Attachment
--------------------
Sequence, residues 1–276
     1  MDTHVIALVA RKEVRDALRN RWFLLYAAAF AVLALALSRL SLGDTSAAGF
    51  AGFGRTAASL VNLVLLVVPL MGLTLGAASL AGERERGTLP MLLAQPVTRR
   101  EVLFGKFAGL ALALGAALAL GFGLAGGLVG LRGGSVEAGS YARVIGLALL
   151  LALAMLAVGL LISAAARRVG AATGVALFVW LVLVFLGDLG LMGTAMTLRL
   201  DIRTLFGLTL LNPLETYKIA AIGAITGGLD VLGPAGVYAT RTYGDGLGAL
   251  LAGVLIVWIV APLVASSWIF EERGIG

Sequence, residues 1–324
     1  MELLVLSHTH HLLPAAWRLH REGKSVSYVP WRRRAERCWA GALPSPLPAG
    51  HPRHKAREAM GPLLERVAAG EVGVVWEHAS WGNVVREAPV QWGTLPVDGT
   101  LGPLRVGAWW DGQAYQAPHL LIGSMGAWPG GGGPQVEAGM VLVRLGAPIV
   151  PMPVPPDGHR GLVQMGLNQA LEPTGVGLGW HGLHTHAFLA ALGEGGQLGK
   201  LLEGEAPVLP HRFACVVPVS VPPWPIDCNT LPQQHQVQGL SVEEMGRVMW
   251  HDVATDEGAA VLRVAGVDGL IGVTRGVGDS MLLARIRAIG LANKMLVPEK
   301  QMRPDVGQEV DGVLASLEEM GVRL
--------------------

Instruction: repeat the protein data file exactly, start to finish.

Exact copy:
Sequence, residues 1–276
     1  MDTHVIALVA RKEVRDALRN RWFLLYAAAF AVLALALSRL SLGDTSAAGF
    51  AGFGRTAASL VNLVLLVVPL MGLTLGAASL AGERERGTLP MLLAQPVTRR
   101  EVLFGKFAGL ALALGAALAL GFGLAGGLVG LRGGSVEAGS YARVIGLALL
   151  LALAMLAVGL LISAAARRVG AATGVALFVW LVLVFLGDLG LMGTAMTLRL
   201  DIRTLFGLTL LNPLETYKIA AIGAITGGLD VLGPAGVYAT RTYGDGLGAL
   251  LAGVLIVWIV APLVASSWIF EERGIG

Sequence, residues 1–324
     1  MELLVLSHTH HLLPAAWRLH REGKSVSYVP WRRRAERCWA GALPSPLPAG
    51  HPRHKAREAM GPLLERVAAG EVGVVWEHAS WGNVVREAPV QWGTLPVDGT
   101  LGPLRVGAWW DGQAYQAPHL LIGSMGAWPG GGGPQVEAGM VLVRLGAPIV
   151  PMPVPPDGHR GLVQMGLNQA LEPTGVGLGW HGLHTHAFLA ALGEGGQLGK
   201  LLEGEAPVLP HRFACVVPVS VPPWPIDCNT LPQQHQVQGL SVEEMGRVMW
   251  HDVATDEGAA VLRVAGVDGL IGVTRGVGDS MLLARIRAIG LANKMLVPEK
   301  QMRPDVGQEV DGVLASLEEM GVRL